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What do new EPA regulations mean for coal-fired electricity?

In May, the federal Environmental Protection Agency (EPA) proposed new rules for coal-fired generation plants with a goal of cutting carbon dioxide emissions from those plants by 30 percent by 2030, based on a 2005 benchmark. With so much discussion about the rules, I’d like to take a step back and go through some background and implications about the proposed rules.

Where did this all start? Believe it or not, with the U.S. Supreme Court. Until 2007, the EPA took the position that Congress did not give it the authority to regulate output of carbon dioxide and other greenhouse gases. In a case called Massachusetts vs. EPA, the court said the EPA did have that authority and directed it to research whether greenhouse gases endangered public health or the environment. In 2009, the EPA concluded those gases are a danger. In a nutshell, that’s what led to the proposed rules.

As of December 2013, the EPA says there were 523 coal power plants in the U.S. with 983 generating units, producing about 37 percent of the electrical power in the country. Coincidentally, the EPA also says these coal plants produce about 38 percent of the country’s carbon dioxide output (transportation is second with 32 percent). So how does that compare to the rest of the world?

Coal-plant-decline-062014Not surprisingly, China is the big dog when it comes to coal. In 2012, China consumed 49 percent of the world’s coal, compared to the U.S. at 11 percent. From 2005 to 2009, the country added the equivalent of all U.S. coal power plants combined, and from 2010 to 2013, added the equivalent of half of all U.S. coal plants combined. That’s nearly 2,000 power plants running on coal, using more than four times the amount of coal the U.S. uses.

What do those numbers mean? More carbon dioxide, sure, but it also signals some possible reasons for those EPA proposals. After the EPA announced the proposed rules, it was revealed advisors to the Chinese government were recommending caps on carbon emissions starting in 2016.

Now when we come back to the U.S., I find it interesting that the target is to reduce carbon emissions by 30 percent (from the 2005 benchmark) by 2030. According to the Energy Information Administration (EIA), by 2013, we had already reduced emissions by 10 percent from that benchmark, just in the energy industry.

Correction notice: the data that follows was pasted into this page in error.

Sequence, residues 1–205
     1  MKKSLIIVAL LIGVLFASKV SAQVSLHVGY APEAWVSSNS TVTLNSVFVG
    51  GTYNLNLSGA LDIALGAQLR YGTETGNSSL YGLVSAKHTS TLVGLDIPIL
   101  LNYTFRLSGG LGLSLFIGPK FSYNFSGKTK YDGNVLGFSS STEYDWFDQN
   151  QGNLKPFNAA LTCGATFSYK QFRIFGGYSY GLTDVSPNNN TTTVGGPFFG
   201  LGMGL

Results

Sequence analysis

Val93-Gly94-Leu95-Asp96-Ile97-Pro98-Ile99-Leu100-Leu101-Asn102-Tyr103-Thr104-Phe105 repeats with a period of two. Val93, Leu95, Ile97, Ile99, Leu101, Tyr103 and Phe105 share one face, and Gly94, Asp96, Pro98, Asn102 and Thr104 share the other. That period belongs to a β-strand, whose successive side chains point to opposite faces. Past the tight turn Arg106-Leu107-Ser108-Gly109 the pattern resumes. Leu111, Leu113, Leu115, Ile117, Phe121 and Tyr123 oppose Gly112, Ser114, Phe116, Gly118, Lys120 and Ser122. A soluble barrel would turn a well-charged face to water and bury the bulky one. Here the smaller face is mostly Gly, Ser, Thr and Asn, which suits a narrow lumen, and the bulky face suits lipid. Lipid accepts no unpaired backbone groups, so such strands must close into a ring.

If the rules become part of our regulatory landscape, we will see a decline in coal-fired plants over the next few years. To highlight that fact, the EIA says the number of plants being retired by 2016 is at least 9 percent, and could be as high as 24 percent, affecting 9 percent of all electrical generation in the U.S.

That 24 percent of plant retirements calculates to 365 billion kilowatts of electricity, which will need to be replaced somehow, most likely with a combination of natural gas-fired plants and renewables. Based off some rough assumptions, this is equivalent to the electricity needed for 8,306,000 homes (+/- 20 percent). While many peo
ple see this as a step forward, we need to remember that it takes time to bring new power generation plants online, no matter how they generate power.

What’s the net effect on our power environment? First, we need to remember these are proposed rules. Congress could step in and change the game yet again. When it comes to replacement generation sources, I covered the numbers and possibilities in my previous post on coal power.

But no matter what happens, a lot of those concerns are still on the table, and we may have to review our options much sooner than we expected. You can get a copy of the proposed rule changes on the EPA website.


About the author

Bob is our account executive in the Government market. He has nearly four decades of experience in municipal engineering and development in rural areas, small towns and larger cities. He brings a wealth of expertise to help provide ideas that lead to long-term solutions for our clients.